By Bethany Blankley
Lt. Gov. Dan Patrick this week called on Texas Gov. Greg Abbott to immediately call a special legislative session in June in order for the legislature to pass several bills the two support: SB10 to end taxpayer-funded lobbying, SB12 to regulate social media outlets, and SB29 regarding transgender participation in girls sports.
“The Texas House killed these conservative bills that majority of Texans in both parties support,” Patrick said.
According to the Texas Constitution, only the governor can call a special legislative session. During the state shutdown last year, numerous lawmakers called on Abbott to call a special session, which he did not do.
Last week, House Speaker Dade Phelan, R-Beaumont, shut down the Texas House, effectively cancelling bills from being heard or voted on, just days before the 87th legislative session ends May 31. The unprecedented move was described by several news outlets as Phelan siding with Democrats in a reported feud with Patrick.
In response to Patrick’s request, Abbott released a statement, saying, "Some are trying to end the game before the time clock has run out. There’s still time remaining for the House and Senate to work together to get important conservative legislation to my desk. Members in both chambers need to be spending every minute of every day to accomplish that mission."
Despite the majority of Texans opposing taxpayer-funded lobbying, Republicans advanced a bill to allow it, led by Rep. Chris Paddie, R-Marshall, who also blocked some conservative bills from ever getting a hearing or a vote, critics argue.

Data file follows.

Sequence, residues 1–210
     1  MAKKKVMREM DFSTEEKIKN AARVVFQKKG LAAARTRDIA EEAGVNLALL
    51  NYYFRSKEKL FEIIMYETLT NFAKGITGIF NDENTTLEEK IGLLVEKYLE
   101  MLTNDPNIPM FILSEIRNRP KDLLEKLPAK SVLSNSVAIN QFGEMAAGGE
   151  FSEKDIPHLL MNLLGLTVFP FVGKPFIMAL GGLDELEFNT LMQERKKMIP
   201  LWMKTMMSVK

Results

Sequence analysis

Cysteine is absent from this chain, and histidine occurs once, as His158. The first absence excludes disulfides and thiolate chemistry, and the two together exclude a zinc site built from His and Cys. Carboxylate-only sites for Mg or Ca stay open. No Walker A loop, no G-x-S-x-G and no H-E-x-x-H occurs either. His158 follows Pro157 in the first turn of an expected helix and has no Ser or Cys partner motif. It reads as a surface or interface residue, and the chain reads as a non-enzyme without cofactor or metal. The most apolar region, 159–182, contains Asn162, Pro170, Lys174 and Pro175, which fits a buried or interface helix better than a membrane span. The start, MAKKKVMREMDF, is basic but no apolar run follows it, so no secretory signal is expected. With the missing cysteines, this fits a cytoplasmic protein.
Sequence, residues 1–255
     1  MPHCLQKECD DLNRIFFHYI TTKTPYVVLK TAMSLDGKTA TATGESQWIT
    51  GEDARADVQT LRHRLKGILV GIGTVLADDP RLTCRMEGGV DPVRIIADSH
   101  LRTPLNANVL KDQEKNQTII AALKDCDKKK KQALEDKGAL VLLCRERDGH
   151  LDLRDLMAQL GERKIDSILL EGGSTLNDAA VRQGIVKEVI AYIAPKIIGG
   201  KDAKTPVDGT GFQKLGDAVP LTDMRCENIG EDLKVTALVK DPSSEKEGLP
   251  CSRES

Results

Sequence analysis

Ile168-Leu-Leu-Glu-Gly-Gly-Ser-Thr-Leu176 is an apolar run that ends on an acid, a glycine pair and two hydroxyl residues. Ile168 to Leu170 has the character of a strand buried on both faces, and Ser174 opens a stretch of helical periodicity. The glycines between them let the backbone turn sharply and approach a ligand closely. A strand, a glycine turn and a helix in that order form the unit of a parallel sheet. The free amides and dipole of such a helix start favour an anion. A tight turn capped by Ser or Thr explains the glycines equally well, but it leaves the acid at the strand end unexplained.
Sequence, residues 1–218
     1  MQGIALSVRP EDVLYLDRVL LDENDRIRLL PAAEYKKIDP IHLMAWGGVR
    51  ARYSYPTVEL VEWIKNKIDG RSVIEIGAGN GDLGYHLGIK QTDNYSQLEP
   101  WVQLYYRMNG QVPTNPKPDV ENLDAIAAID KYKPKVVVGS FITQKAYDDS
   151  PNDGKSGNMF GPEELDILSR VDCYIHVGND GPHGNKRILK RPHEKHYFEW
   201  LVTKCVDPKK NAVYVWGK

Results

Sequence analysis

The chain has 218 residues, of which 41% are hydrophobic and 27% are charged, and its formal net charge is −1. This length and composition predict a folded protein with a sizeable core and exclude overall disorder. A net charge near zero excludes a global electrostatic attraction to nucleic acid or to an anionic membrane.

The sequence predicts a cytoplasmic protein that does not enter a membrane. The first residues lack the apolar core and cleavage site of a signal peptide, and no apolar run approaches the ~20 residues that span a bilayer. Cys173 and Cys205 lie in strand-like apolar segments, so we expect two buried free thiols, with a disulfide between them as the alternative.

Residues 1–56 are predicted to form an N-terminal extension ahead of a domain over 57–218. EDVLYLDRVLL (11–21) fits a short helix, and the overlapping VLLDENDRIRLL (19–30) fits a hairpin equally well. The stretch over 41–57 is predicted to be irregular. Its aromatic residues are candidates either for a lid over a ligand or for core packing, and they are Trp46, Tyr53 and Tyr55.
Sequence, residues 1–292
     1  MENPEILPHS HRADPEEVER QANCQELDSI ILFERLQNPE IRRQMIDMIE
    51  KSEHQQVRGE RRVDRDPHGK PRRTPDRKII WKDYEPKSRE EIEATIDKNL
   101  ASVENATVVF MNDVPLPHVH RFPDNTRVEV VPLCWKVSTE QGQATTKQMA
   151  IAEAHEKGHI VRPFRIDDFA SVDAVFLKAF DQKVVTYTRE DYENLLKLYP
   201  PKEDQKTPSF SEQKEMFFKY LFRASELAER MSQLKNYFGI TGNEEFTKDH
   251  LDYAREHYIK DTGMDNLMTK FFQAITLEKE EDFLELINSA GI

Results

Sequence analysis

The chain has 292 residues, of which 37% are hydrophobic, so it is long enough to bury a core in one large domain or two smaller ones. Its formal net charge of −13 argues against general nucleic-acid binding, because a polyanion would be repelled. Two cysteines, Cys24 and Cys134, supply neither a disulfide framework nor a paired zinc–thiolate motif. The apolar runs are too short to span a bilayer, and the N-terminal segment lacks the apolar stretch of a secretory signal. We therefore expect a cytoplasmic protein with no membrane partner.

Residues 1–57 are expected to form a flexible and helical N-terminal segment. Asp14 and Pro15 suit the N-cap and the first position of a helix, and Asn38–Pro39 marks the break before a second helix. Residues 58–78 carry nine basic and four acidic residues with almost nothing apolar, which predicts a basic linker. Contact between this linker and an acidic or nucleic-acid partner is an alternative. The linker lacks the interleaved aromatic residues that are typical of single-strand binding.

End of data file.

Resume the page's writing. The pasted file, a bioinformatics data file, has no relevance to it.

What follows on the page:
The Texas House Freedom Caucus hailed Patrick’s request, citing House leaders’ “failure to pass conservative priorities,” without naming any by name.
“If they were to be honest,” Michael Quinn Sullivan, president of Empower Texans and Texans for Fiscal Responsibility, said, “they would acknowledge it was the work of Gov. Greg Abbott, House Speaker Dade Phelan, R-Beaumont, House Republican Caucus Chairman Jim Murphy, R-Katy, and Calendar Committee Chairman Dustin Burrows, R-Lubbock.”
But Patrick doesn’t have to wait for Abbott, Sullivan noted.
“During a legislative session, the lieutenant governor holds all the cards,” he said. “Lt. Gov. Patrick could have refused to call up the state budget for consideration by the Senate, or the other ‘must-pass’ bills that are required to continue the operations of state government beyond Sept. 1. That would have forced a special session to address the unaccomplished priorities. And, yet, immediately after issuing his demand for a special session, Patrick put the Senate immediately to work finalizing the budget – giving up that important card.”
Several conservative Republican representatives also have called on Abbott to call a special session.
In a news conference Thursday on border security, Abbott was asked if he was considering calling a special session. He didn’t answer yes or no. Instead, he told the reporter that only he could call a special session.
“Not only am I the one with the authority to call a special session, I get to decide when and I get to decide what will be on that special session," he said. "And here’s what I would do, if anybody tries to force this, it’s not going to be like it has been in the past, where we’ll have 40 items on a special session or whatever, to make sure bills that I want passed, get passed.
“First, bills that I want to see get passed, get passed, and second, we’re going to go one item at a time. Not until they pass that item, we’ll move onto another item. So if anybody tries to hold hostage this legislative session, to force a special session, that person will be putting their members in the Senate or the House potentially into a special session for another two years until the next regular session because I’m going to make sure that we get things passed.”